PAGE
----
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This article was first published 9 years ago  » Business » How to avoid double taxation

How to avoid double taxation

By Homi Mistry
December 25, 2014 10:54 IST
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Two case studies on how one can use the exemption method or the credit route

Imagine this. You are an Indian working for one of the IT majors and have been recently transferred to the UK.

Six months into the job, you are gripped with a niggling doubt: Will my income be taxed in the UK or India, or will I be asked to pay taxes in both the countries?

With the increasing movement of employees across countries in the past few years, it’s a pertinent question. Employees are required to abide by laws of both the countries — their home country being the resident country and source country where the income arises.

This would result in the same income being taxed in two countries. To avoid this double taxation, Double Tax Avoidance Agreements (‘DTAA’) have been entered into by various countries to avoid a person being doubly taxed in the source country and the country of residence.

India, at present, has entered into DTAAs with various countries. Relief of double taxation is generally available under two methods:

A. Exemption method - Under this method, either of the state has an exclusive right to tax the income arising in the source state.

B. Tax credit method - Under this method, foreign tax credit is given in the resident state in respect of tax paid in the source state on the doubly taxed income.

In India, taxability depends on the residential status and the source of income. In India while a Non- Resident (‘NR’)/Not Ordinarily Resident (‘NOR’) is taxed on the Indian sourced income, a Resident and Ordinarily Resident (ROR’) is taxed on worldwide income. In the example given below, we look at two scenarios of double taxation and how the same can be avoided.

A UK employee working in India qualifying to be a ROR during FY 2014-2015 returns to his home country on July 31, 2014.

In the present case, since the employee qualifies to be an ROR in India, his worldwide income would be subject to tax in India. Hence, the salary income earned by him in the UK during the period August 1, 2014 to March 31, 2015 would be subject to tax in India. Further, under the UK laws, assuming he also qualifies to be a resident of the UK from August 1, 2014, UK would also tax his salary income from August 1, 2014.

However, a DTAA exists between India and the UK and the employee can avail of the benefits of the DTAA to the extent it is more beneficial to him. Typically, under the DTAA, where an individual is a resident of both countries, the tie-breaker test would have to be applied to ascertain the country of residence according to DTAA.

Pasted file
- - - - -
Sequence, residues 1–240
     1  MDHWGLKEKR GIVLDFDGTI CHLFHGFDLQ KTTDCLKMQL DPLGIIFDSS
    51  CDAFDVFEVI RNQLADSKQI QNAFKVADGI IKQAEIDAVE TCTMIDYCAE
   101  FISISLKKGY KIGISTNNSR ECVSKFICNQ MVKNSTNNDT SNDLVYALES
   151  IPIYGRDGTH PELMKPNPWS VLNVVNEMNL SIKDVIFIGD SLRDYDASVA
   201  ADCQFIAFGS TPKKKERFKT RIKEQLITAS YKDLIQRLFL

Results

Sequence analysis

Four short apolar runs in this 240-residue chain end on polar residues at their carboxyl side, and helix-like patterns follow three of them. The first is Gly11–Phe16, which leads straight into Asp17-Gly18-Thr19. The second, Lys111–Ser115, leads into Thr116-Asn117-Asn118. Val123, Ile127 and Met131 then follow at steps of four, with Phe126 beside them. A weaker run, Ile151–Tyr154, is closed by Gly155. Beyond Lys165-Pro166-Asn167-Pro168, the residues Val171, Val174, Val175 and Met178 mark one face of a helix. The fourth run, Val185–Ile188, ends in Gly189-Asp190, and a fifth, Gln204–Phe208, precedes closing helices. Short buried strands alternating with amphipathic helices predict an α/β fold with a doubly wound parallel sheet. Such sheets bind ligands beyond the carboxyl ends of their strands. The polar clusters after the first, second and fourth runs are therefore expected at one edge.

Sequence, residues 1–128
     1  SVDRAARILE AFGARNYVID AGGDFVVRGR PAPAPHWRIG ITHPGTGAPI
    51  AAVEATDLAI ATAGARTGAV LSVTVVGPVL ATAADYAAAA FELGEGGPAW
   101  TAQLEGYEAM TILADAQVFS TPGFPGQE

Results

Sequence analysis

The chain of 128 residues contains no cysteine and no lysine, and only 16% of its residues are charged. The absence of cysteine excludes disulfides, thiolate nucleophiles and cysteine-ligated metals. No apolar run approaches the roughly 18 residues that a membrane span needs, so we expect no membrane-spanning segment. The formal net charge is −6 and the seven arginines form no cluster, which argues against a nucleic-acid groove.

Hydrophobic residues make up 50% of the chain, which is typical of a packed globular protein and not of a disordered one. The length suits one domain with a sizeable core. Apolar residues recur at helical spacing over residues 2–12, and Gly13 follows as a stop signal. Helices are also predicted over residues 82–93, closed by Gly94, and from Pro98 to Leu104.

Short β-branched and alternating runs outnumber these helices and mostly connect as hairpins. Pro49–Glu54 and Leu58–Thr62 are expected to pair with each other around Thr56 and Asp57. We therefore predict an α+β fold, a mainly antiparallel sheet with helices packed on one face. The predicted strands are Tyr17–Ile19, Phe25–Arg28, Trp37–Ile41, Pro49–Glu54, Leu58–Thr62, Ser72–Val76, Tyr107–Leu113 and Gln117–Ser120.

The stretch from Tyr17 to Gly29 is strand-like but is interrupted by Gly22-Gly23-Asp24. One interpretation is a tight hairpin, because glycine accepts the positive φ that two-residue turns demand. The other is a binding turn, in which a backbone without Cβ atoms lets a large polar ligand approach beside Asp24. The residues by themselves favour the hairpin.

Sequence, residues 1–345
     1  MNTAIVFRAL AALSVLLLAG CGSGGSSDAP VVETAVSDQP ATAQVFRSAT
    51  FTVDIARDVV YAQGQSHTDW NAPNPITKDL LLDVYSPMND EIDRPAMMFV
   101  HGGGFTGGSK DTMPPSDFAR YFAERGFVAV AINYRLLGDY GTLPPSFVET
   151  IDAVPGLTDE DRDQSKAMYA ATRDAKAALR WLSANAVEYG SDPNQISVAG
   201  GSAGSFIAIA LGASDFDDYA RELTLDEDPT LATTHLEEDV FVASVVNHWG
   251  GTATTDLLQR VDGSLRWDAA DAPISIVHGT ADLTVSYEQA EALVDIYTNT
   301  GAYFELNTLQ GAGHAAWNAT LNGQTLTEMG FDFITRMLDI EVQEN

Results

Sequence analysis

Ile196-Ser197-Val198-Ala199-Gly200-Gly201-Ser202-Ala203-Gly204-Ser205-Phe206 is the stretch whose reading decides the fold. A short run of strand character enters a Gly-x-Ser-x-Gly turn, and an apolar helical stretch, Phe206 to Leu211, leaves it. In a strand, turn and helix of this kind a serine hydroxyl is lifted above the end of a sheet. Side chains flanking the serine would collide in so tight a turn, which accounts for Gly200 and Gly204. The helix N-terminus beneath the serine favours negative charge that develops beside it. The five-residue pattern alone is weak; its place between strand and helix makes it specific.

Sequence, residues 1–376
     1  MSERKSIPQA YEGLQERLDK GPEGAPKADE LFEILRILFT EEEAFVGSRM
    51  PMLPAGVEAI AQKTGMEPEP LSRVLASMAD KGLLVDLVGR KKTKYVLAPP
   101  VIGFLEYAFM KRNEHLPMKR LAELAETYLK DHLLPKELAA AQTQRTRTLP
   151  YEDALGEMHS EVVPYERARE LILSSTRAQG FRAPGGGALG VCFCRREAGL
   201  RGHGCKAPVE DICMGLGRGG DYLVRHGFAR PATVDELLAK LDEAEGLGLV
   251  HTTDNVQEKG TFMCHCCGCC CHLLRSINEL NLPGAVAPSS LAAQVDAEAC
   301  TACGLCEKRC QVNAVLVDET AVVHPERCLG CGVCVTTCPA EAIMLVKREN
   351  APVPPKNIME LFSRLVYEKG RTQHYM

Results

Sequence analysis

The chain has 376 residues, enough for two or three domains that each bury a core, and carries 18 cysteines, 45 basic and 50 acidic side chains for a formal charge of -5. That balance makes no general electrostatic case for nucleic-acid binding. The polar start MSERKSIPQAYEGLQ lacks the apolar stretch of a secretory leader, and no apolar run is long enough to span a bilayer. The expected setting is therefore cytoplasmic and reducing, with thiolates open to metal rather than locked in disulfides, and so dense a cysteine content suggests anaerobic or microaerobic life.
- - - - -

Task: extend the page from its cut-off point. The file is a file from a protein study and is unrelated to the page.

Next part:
Under the tie-breaker clause, conditions such as existence of permanent home, closeness of economic and social ties and the like are factors in determining the residency and the same has to be examined. In the present case, the individual is deputed from the UK. Assuming his residency tie- breaks to the UK, under the India-UK DTAA, he will be exempt from tax in India on salary earned during the period August 1, 2014 to March 31, 2015 under Article 16 of the India UK DTAA.

However,according to the provisions of the India tax law, a Tax Residency Certificate (TRC) would be required to be obtained from the UK authorities to claim the exemption along with Form 10F under the Income-tax Act, 1961 (Act).

In this scenario, double tax is avoided by an exemption method.

An Indian employee deputed outside India and providing services outside India qualifying to be an ROR in India in the year of deputation (assuming he is deputed to the UK with effect from January 1, 2015).

Where an employee is deputed to the UK and qualifies to be an ROR in the year of deputation (i.e. FY2014-2015), he would be taxable on global income in India including salary for the period January 1, 2015 to March 31, 2015. Assuming he qualifies as resident of the UK with effect from January 1, 2015, he would also be taxable in UK on salary income earned in the UK for the period January 1, 2015 to March 31, 2015.

Now assuming his residency tie-breaks to India, then under the India-UK DTAA he would be eligible to claim credit in India of taxes paid in the UK on such doubly taxed income in accordance with the India-UK DTAA.

In this case, double tax is avoided by the credit method.

As it is evident from above, where your income is derived in one state and you are resident of another state, double tax can be avoided by applying the DTAA. However, where double tax is avoided by exemption method, it is relevant to obtain TRC from the resident country. Where double tax is avoided by claiming foreign tax credit, it is imperative that the proof of taxes paid (such as tax return, tax receipts, tax certificates) in the other country is maintained as evidence. Further, one should be mindful to examine each Article of the respective country DTAA to claim an exemption or take credit.

It would be relevant to note that even in the absence of a DTAA entered with that country, a resident of India can claim foreign tax credit under the domestic tax laws in accordance with section 91 of the Act subject to evidence being maintained.

Homi Mistry is partner with Deloitte Haskins & Sells LLP

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